HUDSONVILLE, Mich. — The Friday bell signaling the end of the week always puts a smile on the faces of elementary school students. But as a line of parents waited outside Jamestown Upper Elementary School, there was one student who was particularly happy about the way the last school day of the week had gone.
At nine years old, Lylah Gritter went on her first school bus ride with her classmates on Friday. And something as simple as that meant the world to her.
Lylah is in a wheelchair. So in order to get to Friday's field trip to Frederik Meijer Gardens, she'd need a lift to get on a school bus. Hudsonville Public Schools has plenty of smaller buses with lifts. But for Lylah, there was one problem on Friday.
"For years, we've always transported our students that need a wheelchair lift vehicle separately, and teachers would usually find some friends to ride the school bus with them, so they wouldn't be alone," said Hudsonville's director of transportation, Rob Matthews.
"But over the past year or two, it's been challenging to find enough drivers to move all of those vehicles."
To get Lylah on the bus with her friends, Matthews would need to find a full-sized bus with a lift. Hudsonville's school board unanimously approved funding for just such a bus in February. But it won't be ready until fall. So Matthews, a Rockford Public Schools graduate, called in a favor from his alma mater.
"They already have several of these vehicles in their fleet, and so they had a full-sized bus that was a spare. I approached them and asked if we'd be able to borrow it and there was no hesitation. They were on board," Matthews said.
"We may be rivals on the athletic field, but it really is a testament to both the Hudsonville and the Rockford communities, to show the value of working together to make sure every kid has an opportunity."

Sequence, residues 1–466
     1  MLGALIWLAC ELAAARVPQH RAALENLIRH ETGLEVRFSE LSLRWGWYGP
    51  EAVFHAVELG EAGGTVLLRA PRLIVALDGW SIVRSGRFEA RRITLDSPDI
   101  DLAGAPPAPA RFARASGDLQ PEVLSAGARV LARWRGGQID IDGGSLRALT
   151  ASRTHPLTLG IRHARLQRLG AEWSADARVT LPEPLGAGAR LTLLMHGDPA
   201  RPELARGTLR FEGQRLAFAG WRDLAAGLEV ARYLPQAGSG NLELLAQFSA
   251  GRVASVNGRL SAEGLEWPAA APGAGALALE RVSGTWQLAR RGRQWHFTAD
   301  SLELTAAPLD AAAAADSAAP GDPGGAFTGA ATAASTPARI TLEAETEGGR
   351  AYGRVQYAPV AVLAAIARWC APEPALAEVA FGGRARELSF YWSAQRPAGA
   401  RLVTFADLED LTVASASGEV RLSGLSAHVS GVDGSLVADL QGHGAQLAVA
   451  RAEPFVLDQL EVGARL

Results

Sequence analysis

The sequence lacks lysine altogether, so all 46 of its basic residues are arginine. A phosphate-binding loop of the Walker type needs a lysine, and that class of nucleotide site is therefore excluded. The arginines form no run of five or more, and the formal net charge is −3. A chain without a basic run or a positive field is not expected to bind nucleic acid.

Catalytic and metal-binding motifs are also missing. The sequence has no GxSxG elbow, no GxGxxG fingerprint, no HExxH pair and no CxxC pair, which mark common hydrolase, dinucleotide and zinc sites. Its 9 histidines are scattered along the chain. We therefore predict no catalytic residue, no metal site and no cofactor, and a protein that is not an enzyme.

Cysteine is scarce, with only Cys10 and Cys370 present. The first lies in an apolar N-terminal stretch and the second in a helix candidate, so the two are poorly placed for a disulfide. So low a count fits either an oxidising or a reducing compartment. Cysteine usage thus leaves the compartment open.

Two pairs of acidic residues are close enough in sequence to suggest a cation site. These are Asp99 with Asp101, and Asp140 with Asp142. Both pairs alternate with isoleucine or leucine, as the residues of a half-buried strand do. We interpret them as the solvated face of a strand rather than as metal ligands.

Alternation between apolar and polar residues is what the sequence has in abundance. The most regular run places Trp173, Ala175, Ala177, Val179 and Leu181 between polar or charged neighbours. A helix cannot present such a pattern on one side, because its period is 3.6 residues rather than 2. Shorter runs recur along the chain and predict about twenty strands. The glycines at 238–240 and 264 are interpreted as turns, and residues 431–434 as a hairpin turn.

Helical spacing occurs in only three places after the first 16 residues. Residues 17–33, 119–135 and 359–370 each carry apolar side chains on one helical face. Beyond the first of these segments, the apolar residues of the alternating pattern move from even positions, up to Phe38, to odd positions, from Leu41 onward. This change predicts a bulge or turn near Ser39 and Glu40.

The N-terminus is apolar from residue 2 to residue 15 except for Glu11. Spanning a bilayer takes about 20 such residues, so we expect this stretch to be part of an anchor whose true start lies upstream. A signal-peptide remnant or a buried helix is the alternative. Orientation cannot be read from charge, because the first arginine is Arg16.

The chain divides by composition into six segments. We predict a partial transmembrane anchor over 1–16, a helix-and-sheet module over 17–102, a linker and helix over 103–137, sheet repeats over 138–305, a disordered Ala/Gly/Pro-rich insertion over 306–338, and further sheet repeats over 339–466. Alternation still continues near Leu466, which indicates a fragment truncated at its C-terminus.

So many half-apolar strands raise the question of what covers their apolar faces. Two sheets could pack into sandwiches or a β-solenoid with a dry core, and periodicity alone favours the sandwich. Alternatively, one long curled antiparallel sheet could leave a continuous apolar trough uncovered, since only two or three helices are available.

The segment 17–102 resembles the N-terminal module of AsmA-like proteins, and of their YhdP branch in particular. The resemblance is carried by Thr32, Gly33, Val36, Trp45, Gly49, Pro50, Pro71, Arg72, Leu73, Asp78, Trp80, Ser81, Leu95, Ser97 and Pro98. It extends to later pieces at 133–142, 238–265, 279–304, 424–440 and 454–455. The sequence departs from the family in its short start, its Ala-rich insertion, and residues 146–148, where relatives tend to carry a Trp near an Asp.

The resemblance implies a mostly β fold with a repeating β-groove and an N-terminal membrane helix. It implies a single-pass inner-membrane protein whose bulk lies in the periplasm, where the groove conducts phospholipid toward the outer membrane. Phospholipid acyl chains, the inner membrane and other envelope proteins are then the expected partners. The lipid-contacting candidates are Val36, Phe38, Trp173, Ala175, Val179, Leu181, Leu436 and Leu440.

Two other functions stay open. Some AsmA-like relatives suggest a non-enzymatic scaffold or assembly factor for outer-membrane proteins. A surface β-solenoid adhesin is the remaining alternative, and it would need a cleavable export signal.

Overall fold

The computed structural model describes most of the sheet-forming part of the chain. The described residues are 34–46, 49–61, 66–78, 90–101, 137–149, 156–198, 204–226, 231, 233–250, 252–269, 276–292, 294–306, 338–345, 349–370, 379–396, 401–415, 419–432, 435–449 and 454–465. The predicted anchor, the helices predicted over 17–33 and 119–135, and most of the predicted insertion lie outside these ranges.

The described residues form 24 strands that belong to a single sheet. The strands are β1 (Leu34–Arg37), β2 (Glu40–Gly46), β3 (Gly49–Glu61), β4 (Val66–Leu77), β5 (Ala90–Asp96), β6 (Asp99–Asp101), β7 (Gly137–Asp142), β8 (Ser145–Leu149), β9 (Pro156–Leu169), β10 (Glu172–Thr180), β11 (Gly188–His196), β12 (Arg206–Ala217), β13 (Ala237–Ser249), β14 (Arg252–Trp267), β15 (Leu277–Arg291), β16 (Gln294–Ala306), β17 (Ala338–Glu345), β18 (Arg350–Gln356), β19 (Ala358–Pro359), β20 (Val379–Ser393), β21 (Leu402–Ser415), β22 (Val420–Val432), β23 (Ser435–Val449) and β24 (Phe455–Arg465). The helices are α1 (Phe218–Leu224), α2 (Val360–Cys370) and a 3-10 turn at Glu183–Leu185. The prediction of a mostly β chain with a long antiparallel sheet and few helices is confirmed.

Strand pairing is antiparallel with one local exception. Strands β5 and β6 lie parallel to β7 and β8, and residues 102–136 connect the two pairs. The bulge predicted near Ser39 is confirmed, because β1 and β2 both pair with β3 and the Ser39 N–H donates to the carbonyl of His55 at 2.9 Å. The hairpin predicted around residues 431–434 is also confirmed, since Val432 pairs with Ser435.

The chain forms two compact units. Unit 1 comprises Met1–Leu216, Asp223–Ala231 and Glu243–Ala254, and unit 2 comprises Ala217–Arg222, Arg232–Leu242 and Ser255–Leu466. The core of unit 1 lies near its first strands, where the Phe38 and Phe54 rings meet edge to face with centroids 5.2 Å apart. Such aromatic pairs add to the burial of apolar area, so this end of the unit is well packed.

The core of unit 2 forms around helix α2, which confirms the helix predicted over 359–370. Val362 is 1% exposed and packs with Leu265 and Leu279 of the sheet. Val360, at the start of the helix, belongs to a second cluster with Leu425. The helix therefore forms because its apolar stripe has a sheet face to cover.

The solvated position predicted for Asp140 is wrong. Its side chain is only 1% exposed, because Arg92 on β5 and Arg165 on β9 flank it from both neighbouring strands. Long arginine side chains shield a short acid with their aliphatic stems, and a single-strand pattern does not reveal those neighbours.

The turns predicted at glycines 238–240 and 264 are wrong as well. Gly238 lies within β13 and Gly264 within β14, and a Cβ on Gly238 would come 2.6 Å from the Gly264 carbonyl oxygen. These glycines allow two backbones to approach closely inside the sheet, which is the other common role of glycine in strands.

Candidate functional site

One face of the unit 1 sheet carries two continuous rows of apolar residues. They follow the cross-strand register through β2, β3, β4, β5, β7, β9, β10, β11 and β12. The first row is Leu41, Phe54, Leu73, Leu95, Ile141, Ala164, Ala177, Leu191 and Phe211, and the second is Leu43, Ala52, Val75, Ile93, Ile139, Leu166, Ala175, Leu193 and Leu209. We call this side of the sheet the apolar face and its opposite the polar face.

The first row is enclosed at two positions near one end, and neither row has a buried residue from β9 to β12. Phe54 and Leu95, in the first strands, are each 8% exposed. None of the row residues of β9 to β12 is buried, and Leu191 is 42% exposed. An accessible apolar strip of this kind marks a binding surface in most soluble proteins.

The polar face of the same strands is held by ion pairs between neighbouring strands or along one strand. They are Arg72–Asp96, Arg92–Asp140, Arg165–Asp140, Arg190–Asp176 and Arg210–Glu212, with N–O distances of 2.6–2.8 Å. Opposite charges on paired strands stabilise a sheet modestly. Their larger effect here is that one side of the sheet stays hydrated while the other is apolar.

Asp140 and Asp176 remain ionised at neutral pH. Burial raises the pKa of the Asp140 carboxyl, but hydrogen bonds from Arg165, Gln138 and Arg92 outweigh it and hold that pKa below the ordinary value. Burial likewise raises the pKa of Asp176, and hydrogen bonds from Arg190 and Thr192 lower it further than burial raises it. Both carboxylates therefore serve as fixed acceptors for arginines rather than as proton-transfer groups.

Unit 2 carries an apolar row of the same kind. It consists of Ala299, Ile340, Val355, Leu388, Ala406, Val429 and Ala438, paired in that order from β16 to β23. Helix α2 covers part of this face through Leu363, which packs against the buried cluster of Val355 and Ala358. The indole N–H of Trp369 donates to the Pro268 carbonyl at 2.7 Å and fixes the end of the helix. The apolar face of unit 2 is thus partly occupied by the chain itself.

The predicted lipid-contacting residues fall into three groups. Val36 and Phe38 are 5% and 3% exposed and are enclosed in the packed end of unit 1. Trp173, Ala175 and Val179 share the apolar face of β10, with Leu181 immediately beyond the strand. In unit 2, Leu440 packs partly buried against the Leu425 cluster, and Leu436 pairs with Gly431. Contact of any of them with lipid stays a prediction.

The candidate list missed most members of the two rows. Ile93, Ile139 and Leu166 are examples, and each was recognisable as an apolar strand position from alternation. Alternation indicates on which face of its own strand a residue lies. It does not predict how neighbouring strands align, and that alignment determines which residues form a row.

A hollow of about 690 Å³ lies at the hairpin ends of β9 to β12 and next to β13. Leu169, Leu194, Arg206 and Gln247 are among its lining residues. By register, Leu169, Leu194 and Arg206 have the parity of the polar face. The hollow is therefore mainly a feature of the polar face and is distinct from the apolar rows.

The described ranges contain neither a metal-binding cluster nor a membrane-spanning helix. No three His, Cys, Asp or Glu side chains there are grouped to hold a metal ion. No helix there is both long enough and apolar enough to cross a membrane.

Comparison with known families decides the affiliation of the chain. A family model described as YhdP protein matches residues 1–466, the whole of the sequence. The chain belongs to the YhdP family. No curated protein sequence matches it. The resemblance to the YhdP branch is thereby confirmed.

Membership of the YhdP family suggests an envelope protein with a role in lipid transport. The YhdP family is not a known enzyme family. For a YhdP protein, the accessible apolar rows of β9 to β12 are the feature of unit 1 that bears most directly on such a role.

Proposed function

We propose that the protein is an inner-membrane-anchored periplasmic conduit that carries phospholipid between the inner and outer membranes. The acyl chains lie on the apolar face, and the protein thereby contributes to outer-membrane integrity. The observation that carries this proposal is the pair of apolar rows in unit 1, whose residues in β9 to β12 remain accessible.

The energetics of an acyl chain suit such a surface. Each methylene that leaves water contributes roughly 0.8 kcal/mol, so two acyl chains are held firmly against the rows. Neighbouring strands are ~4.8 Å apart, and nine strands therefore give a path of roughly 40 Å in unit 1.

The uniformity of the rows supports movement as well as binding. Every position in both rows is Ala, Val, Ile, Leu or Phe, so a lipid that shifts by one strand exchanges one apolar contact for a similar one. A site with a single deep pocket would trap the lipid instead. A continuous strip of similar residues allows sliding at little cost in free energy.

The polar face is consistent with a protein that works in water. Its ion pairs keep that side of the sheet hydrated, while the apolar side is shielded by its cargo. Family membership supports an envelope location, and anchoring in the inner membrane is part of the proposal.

Mike Cuneo, who serves as assistant superintendent of finance at Rockford Public Schools, says this kind of thing happens more often than people probably realize.
"There have been times where various other schools, their bus might break down. They ask us to send a bus over to put the kids on, and then we transport them accordingly," Cuneo said.
"There have been a number of other times where districts have helped us out and we've been able to help them out. Whenever we can do that, to make sure that students are safe, transported safely, and making a good experience for them, we try to help out as much as we can."
Third grade teacher Jamie DeMaar was the first to alert Matthews that Lylah might need a transportation solution and she's thrilled that it worked out the way it did.
"She was smiling. She was probably a little nervous, but it made my heart melt because she's just like every one of us. Everybody is special in their own little way and to have her join us like that, it just made my heart melt and I was just happy she could be there with us," DeMaar said.
"We want everyone to feel included in our class. We're a family, and so I didn't want anybody to feel left out. If it was my child, I would have wanted the same thing."
Holly Gritter, Lylah's mother, posted her gratitude for DeMaar and Matthews on social media.
"Sometimes it's the smallest gestures that make such a difference. Lylah's class field trip was extra special today. She got to ride the bus with her CLASS!" Gritter said in the post.
Gritter said it would be wonderful if every school district could consider purchasing a full-sized bus with a lift. According to Matthews, a standard full-sized school bus costs Hudsonville about $127,900 each while one with a lift costs $150,300.
"It's a lot more expensive than a traditional school bus. But the Ottawa County residents a couple of years ago passed a operating enhancement millage that allowed local school districts to have a few additional resources for things like the modernization of our school bus fleets," Matthews said.
"With that enhancement millage, we have the resources to be able to add that piece of equipment to our fleet. And our business partners are in the process of getting that assembled."
For now, Matthews is grateful for his friends, Rockford, and all the other cross-district partnerships that make it possible to give a student like Lylah the field trip experience that she deserves.
"One of the highlights of my job is coming up with creative solutions to keep every student moving, to get kids to and from school safely, and to allow our students to be involved in things beyond the classroom walls," he said.
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